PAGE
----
Colombia aims to be one of the first mid-income countries to achieve all the Millennium Development Goals. A key target is to reduce extreme poverty, and our Colombian business Bavaria has been working hard to help
For a country just emerging from a civil conflict that raged for almost half a century, Colombia is doing well – a decade of economic growth, currently around 4%, has put it ahead of the average economic performance across Latin America.
But the conflict has left a long-term legacy. An estimated five million Colombians fled from their homes, and around 8% of the population is in extreme poverty, living on less than US$1.25 a day.
In 2012, Bavaria became the first private sector company in Colombia to set up a ZOLIP – which stands for Zonas Libres de Pobreza Extrema, or ‘zones free from extreme poverty’ – and has since launched two more.
The Colombian government’s ZOLIP programme aims to deliver rapid, effective and highly practical action to lift families in a specific area out of extreme poverty over a five‑year period. The programme is delivered by public-private partnerships between national agencies, local government, and commercial companies.
Potential ZOLIPs are identified using a massive government database that identifies pockets of extreme poverty down to the level of individual households, and Bavaria has committed to creating a total of six ZOLIPs, with each one close to a Bavaria brewery. A fourth ZOLIP will be launched later this year, and the remaining two will be established in 2015.
Bavaria already has a strong record in helping its local communities, via its charitable body Fundación Bavaria, and its Uni2 volunteer programme, which allows employees to give their time and part of their wages to local community projects (the company matches all employee donations by 200%).
The first ZOLIP, covering 153 households suffering extreme poverty, was launched in Tocancipá in Cundinamarca department, with Bavaria leading a group of six corporates. Bavaria’s volunteers organise fund-raisers, hold events in the community, visit families in need, deliver mentoring for individuals, help job seekers to create CVs, and also turn out in numbers to work on building and other projects.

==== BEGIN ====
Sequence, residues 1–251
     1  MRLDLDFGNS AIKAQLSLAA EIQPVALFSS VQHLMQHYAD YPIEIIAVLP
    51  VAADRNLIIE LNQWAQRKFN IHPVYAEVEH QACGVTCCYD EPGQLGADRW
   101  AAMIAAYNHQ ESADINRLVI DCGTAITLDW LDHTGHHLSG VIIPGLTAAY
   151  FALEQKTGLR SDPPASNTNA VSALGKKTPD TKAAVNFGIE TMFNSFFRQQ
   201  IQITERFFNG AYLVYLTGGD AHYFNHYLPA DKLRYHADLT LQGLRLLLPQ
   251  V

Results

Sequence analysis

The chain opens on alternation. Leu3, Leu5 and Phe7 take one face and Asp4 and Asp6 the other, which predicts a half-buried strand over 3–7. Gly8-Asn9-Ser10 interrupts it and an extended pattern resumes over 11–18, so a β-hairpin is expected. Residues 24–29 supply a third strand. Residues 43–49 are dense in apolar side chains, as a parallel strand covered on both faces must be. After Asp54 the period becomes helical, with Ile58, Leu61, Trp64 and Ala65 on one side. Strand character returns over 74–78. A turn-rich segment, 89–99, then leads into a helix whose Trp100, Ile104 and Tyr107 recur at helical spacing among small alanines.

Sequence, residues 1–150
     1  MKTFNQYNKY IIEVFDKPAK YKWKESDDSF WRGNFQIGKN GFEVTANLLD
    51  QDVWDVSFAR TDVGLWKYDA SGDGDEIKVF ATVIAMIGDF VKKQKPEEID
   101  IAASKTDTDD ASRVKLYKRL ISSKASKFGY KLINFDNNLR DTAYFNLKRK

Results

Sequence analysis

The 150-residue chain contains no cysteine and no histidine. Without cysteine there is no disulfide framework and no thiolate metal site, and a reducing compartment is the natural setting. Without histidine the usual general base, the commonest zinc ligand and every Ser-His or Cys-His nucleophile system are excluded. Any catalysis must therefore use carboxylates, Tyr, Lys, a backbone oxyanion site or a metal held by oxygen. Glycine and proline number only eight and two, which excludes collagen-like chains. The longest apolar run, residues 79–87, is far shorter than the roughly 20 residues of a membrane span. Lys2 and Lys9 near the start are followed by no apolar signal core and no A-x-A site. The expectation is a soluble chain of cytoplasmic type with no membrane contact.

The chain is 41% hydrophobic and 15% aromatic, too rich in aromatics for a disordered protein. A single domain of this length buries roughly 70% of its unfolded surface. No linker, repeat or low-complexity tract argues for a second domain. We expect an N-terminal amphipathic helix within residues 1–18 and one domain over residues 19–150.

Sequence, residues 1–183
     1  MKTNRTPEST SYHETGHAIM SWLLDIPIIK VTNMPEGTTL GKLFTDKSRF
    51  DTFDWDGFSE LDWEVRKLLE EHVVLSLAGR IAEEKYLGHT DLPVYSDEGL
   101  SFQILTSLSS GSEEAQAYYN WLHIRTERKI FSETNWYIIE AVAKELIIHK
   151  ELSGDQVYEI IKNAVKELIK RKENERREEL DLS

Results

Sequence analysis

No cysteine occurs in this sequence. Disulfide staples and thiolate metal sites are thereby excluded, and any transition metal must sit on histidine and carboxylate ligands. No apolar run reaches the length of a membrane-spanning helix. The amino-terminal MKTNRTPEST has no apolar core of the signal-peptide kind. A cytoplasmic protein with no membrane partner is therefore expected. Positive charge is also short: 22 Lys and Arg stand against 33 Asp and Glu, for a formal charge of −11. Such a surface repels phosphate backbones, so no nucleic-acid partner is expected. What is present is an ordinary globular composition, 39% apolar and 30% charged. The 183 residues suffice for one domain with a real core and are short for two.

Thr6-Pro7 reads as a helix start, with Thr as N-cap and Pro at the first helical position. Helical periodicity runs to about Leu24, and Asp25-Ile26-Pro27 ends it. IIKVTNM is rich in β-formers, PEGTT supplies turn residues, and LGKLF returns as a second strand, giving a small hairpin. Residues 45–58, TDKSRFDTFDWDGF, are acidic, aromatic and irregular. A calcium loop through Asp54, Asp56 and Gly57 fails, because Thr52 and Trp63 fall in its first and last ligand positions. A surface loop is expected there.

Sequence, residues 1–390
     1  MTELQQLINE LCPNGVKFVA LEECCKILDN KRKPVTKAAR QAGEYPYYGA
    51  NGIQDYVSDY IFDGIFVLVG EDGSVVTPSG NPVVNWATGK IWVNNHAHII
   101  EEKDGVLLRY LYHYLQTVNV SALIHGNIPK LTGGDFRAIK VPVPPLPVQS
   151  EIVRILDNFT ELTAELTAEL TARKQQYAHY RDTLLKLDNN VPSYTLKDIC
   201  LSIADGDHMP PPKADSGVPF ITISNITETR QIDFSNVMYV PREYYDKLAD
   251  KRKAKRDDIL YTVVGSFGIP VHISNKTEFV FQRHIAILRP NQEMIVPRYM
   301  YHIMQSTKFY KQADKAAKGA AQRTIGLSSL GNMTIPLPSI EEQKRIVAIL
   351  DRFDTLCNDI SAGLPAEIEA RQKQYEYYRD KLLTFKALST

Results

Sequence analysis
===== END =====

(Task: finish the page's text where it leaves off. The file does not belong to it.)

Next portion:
The programme encourages entrepreneurial local people to launch their own small businesses, recognising that the new enterprises may end up creating fresh jobs and bringing new income into the community. During 2013, 121 local women received business training, with nine of them from families in extreme poverty. A dozen proposed new businesses received financial and other help, including seed capital, equipment and supplies of stock, and nine shop-keepers received training and help through our own 4e, Camino al Progreso (Path to Progress) programme for Latin America.
During the financial year 2013/14, Bavaria’s Uni2 teams donated US$40,000 to the two ZOLIPs at Tocancipá and Tibasosa. José Vicente Reyes, whose shop was one of the business proposals supported by the ZOLIP programme in Tocancipá, was thrilled:
Thanks to Fundación Bavaria, we received… a computer, a weighing scale, a printer and a cash register. José Vicente Reyes | shopkeeper
It was enough to get his enterprise up and running on a professional basis.
The programme also helps extremely poor families to improve their lives through simple measures such as improvements to their homes; providing bunk beds to relieve overcrowding, creating proper bathrooms and toilet facilities, and replacing leaky roofs.
Each ZOLIP spends its money carefully. For example, the Tocancipá programme spent COP182 million (US$94,000) in November and December 2013 on business and housing help for 37 families, averaging a little over US$2,500 per household – but even relatively small amounts of cash can make a big difference to people who have almost nothing.
People like Cecilia Rivera, who says her life has been changed by the donation of a new kitchen: “The kitchen I used to have was in poor condition – it didn’t look like a kitchen, I felt bad when people came over to visit…” Starting to cry, she finishes: “Dios mio, I feel so happy with this – it has been a really beautiful gift.”